Soriano move affects other bullpen arms

Before I delve into some Nationals talk, indulge me as I drop a quick Ravens statistic for anyone who might have followed me over from that beat last year.

Joe Flacco has thrown for 853 yards with eight touchdowns and zero interceptions in the postseason. He's outplayed Peyton Manning and Tom Brady the last two weeks, and this is the second season in a row in which he's gone into Gillette Stadium and played well enough to get his team to the Super Bowl.

Pay the man.

Sorry, had to get that off my chest. Can't wait to hear 3,000 stories over the next couple weeks about the two guys who coach these two Super Bowl teams.

The Nationals have spent the last four months talking about their desire to turn Christian Garcia into a starter.

Davey Johnson talked about it during the Nats' postseason run. Mike Rizzo talked about it at the Winter Meetings.

This has been something that the team has been planning on doing for a little while now. But with the recent addition of Rafael Soriano, the Nationals now have no excuse not to follow through with that plan.

Garcia's raw stuff and his ability to ignore his lack of major league experience and thrive in high-stress situations could potentially tempt Johnson and the Nats into keeping him in their bullpen this season as another right-handed set-up guy. You can't ever have enough talented relievers.

But Soriano gives the Nats another dominant late-inning right-hander. They don't need Garcia to work the seventh inning now that Soriano is on board; they'll have Drew Storen, Tyler Clippard, Ryan Mattheus and even Craig Stammen as options in set-up roles. Henry Rodriguez and Bill Bray can also compete for a spot in the 'pen.

Garcia can then focus strictly on turning back into a starter, which he was earlier in his career before two Tommy John surgeries pushed him into a relief role.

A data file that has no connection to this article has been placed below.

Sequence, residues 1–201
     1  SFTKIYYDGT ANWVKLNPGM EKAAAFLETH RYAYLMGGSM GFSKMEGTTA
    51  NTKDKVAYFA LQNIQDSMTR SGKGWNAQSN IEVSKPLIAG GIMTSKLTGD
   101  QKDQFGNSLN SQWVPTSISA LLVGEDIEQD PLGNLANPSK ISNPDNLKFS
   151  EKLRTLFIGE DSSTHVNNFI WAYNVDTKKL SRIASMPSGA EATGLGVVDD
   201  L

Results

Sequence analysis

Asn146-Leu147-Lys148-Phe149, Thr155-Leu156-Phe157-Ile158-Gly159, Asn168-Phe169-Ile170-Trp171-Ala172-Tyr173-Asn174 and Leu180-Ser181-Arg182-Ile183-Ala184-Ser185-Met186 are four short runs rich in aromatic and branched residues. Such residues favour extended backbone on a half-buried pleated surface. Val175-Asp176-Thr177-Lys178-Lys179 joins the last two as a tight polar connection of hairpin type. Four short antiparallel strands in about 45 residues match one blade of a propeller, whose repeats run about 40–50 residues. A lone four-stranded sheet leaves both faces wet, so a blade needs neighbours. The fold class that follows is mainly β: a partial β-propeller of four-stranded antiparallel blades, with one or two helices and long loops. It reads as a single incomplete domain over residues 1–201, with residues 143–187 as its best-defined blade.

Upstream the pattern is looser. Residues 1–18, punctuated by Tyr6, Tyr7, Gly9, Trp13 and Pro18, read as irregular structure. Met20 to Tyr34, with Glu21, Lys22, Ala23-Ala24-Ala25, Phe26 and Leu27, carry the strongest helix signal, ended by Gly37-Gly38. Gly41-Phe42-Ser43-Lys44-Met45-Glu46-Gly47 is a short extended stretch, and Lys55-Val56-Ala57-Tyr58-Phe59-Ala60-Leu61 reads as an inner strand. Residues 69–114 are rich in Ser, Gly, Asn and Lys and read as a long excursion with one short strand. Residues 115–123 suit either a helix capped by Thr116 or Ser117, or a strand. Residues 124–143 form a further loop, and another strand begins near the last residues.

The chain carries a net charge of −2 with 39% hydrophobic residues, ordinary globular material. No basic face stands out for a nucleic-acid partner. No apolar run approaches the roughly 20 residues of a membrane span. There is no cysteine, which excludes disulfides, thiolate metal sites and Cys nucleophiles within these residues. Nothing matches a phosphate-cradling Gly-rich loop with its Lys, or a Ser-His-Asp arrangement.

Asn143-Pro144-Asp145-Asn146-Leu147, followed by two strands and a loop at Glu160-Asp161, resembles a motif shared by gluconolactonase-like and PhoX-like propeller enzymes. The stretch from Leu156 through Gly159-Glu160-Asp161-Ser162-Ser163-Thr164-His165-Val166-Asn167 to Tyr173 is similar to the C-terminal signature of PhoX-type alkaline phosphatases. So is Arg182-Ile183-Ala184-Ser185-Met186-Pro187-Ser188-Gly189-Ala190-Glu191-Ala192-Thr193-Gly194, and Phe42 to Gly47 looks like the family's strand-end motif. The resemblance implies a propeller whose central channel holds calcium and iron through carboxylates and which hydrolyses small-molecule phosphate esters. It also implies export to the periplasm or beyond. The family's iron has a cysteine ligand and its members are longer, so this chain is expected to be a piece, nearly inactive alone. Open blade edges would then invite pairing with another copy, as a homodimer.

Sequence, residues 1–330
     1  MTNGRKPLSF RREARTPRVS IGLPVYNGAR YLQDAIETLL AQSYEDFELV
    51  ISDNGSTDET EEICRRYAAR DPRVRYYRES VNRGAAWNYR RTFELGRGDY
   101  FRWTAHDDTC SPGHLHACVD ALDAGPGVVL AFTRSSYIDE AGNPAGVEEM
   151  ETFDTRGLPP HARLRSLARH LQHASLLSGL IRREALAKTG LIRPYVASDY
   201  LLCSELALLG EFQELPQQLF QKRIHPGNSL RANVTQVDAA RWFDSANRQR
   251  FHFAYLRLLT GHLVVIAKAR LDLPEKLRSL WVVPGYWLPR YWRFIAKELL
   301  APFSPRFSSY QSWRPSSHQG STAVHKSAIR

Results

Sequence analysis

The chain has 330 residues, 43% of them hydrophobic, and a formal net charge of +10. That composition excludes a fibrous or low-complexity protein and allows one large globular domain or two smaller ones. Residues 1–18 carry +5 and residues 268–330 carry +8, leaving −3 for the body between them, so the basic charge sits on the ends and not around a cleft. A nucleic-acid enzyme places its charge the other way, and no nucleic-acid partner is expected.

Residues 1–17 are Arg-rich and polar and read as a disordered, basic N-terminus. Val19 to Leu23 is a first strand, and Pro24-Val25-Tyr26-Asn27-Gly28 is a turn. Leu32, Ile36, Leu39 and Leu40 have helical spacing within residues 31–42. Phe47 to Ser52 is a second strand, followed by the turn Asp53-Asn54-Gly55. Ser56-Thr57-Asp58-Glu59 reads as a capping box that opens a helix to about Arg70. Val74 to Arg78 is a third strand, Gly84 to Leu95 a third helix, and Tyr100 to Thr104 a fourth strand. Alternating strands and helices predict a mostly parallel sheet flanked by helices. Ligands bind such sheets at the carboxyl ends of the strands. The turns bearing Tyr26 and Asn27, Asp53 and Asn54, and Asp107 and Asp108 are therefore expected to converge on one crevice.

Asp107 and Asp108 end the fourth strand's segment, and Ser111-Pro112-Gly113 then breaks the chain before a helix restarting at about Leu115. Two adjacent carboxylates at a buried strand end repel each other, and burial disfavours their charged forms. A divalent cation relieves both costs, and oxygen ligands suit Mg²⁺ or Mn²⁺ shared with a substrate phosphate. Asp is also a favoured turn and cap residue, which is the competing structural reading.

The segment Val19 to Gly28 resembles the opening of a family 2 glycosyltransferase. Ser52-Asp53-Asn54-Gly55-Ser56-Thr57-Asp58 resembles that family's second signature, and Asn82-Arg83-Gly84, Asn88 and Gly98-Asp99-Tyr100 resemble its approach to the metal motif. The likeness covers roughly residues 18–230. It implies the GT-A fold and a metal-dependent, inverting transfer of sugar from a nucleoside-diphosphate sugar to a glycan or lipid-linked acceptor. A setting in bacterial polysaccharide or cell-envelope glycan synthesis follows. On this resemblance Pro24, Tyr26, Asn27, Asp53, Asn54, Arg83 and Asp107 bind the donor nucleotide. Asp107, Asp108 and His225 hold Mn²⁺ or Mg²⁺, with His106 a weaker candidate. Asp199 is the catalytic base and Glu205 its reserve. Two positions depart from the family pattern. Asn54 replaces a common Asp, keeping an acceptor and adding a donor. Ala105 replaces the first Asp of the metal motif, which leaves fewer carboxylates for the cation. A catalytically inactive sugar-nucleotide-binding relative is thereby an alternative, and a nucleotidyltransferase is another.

"We were going to, and now it makes it easier to stretch Garcia out as a starter," Rizzo said last week at Soriano's press conference. "He'd be one of the guys we'd feel comfortable going and reaching for if something were to happen to one of our five (starters)."

The Nats are still a little short on starting depth, with Yunesky Maya and Ryan Perry probably their two most capable backup starting options within the organization at the minor league level. Garcia gives them another talented arm in that role, and should he have success as a starter would provide another capable option.

It has been the plan all along to stretch Garcia out in spring training, allow him to use his three quality pitches in a starting role and see if he can help the team in that capacity down the road.

Now, with Soriano on board, the Nats will be even less tempted to move Garcia back into the bullpen early in the year, allowing him time to get settled as a starter and hopefully serve as a nice insurance policy should one of the Nationals' five starters go down with an injury.

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